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A Rights-Based Economy Report

The COVID-19 pandemic has shone a spotlight on the fundamental injustice at the core of our current economic model, which results in scarcity for the many, and unimaginable wealth for the few. The economic fallout from the pandemic and the inadequacy of governments’ responses to it are prompting more and more people to question the morality of an economic system which for decades has placed the market at the centre of all human interactions, measuring progress and development solely in terms of economic growth. In this publication, the Center for Economic and Social Rights (CESR) and Christian Aid – two international organisations working for human rights and economic justice – ask: what would it would look like if we had an economy based on human rights?

Developing skills for life and making connections in Ghana

In this final update from our EU funded GEOP programme in Ghana, we discover how young men and women are gaining technical, business and leadership skills and are using their collective voice to create better working environments. 

Trapped in illicit finance

The world faces some of the most serious economic, environmental, social and political challenges it ever has. Across the world, citizens are calling for governments to implement policies to address these issues. Again, and again, governments tell them the same thing: “we don’t have the money”. At the same time, it’s a fact that governments worldwide tolerate widespread tax evasion and avoidance – and that malevolent actors routinely steal from government funds. Indeed, it is estimated that $416bn is lost every year to illicit financial flows (IFFs) – illegal or harmful movements of money or capital from one country to another. In this report, Christian Aid and our partners propose a simple solution for plugging some of this funding gap: we must stop tolerating the abusive, unethical and immoral IFFs that rob the poor to enrich the wealthy.

Corporate approaches to addressing modern day slavery

Download this report providing a snapshot of corporate approaches to modern day slavery based on research of 21 leading brands and retailers. From the Ethical Trading Initiative and The Ashridge Centre for Business and Sustainability at Hult International Business School.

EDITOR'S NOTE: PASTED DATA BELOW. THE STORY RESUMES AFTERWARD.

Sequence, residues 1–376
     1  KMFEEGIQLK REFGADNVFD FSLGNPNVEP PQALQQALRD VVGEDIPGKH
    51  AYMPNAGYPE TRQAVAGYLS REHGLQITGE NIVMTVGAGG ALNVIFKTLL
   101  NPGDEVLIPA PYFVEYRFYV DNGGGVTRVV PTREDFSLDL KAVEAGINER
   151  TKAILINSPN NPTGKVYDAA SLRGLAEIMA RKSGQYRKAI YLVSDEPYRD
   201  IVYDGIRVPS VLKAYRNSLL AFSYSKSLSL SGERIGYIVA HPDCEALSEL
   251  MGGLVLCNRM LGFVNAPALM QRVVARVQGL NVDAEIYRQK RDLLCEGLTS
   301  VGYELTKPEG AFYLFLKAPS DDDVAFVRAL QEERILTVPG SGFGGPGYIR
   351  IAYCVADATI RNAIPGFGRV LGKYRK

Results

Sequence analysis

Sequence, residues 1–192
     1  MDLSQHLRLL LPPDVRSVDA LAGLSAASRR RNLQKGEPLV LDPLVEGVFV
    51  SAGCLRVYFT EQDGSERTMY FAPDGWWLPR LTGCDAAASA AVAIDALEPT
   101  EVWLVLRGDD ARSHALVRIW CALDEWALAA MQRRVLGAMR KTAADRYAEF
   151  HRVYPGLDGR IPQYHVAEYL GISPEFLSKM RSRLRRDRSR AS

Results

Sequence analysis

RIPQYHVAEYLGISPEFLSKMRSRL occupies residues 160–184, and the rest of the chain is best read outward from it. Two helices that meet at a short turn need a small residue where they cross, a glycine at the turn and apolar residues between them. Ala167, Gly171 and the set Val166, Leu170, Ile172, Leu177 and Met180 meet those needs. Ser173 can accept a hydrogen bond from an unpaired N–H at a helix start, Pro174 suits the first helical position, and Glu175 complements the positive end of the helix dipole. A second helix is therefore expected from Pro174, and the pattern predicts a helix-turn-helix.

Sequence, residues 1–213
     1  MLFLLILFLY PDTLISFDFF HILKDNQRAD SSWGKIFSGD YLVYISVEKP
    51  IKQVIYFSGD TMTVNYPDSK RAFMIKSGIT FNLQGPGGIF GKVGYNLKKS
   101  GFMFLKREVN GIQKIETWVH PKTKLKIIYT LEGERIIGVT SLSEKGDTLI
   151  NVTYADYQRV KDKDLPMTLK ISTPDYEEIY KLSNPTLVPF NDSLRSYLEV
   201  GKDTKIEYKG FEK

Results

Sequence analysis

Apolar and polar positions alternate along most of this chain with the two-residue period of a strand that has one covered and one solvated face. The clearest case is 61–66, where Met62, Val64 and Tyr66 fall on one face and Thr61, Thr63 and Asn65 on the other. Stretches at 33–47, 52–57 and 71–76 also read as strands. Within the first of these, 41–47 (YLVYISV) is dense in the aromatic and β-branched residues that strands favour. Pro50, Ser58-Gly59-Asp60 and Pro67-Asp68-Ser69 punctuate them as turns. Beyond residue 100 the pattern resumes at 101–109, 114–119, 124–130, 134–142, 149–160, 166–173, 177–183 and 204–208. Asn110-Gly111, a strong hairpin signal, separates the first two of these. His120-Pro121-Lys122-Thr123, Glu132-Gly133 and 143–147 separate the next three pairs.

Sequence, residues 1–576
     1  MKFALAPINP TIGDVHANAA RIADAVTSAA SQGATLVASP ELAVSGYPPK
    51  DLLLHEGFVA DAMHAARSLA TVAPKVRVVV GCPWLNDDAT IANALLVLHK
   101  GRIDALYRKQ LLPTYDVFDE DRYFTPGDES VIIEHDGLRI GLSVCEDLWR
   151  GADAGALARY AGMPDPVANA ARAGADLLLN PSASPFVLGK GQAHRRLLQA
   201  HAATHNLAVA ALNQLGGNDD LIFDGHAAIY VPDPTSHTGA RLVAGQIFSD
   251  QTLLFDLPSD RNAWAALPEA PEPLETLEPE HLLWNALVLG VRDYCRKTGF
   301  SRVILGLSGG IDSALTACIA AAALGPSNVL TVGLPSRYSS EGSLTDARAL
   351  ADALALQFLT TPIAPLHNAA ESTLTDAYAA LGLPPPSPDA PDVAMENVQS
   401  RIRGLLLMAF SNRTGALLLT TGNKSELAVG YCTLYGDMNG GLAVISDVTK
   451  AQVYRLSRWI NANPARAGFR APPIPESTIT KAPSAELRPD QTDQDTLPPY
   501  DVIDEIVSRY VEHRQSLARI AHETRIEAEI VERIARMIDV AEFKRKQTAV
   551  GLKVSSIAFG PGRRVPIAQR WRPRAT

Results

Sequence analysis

Tackling modern day slavery - the John Lewis Partnership

Download this report from the John Lewis Partnership outlining their business and human rights strategy in response to the Modern Slavery Act. From the Salt Business Network. 

The new global debt crisis

Spiralling debt repayments divert precious resources from governments that can ill afford to spare them. Without spending money on basic services like clean water, sanitation and health, there is little hope of poor countries meeting the development need, and human rights, of their citizens.  This report explores the current debt crisis, its risks, and ways to tackle it. Produced as part of the Citizens for Financial Justice project

Drop the Ebola Debt placard

Drop the Ebola Debt placard

No Exceptions: Why HSBC's new coal policy could fuel climate change

In order to stop climate change from hurting the world’s poor, we need to stop new fossil fuel infrastructure, especially coal, from being built. Finance from banks has helped build new coal plants, when it should be going to underfunded renewable projects. This report looks at the new energy policy from HSBC. It asks why the bank has omitted Vietnam, Bangladesh and Indonesia from its ban on coal financing, when other banks like Standard Chartered have ruled out coal financing in all countries.

Fair's fair assembly

Primary school assembly suitable for ages 7-11 Duration: 15 minutes This assembly helps to raise awareness about the global trading system and the steps we can make towards responsible shopping. 

Fair's fair assembly presentation

Primary school assembly suitable for ages 7-11 Duration: 15 minutes This PowerPoint presentation accompanies the Fair's fair assembly, helping to raise awareness about the global trading system and the steps we can make towards responsible shopping. 

Out of the Frying Pan, Into the Fire (Part 1)

In this policy briefing, Christian Aid examines the links between climate change and conflict, and begins to elaborate on its argument that the best form of climate security is climate justice.

Challenges in the Sahel: Implications for peace and development

A ‘perfect storm’ - an extraordinary combination of poverty, violent conflict, corruption, criminality, and climate change - is blowing over Mali and across the Sahel. Within this storm, some unusual actors have emerged. Politicians are known to be corrupt but still get elected and smugglers are criminalised by authorities but are also the only providers of employment in disintegrating local economies. This report is part of a series that Christian Aid is producing to understand what ought to be done differently in tackling violence and building peace.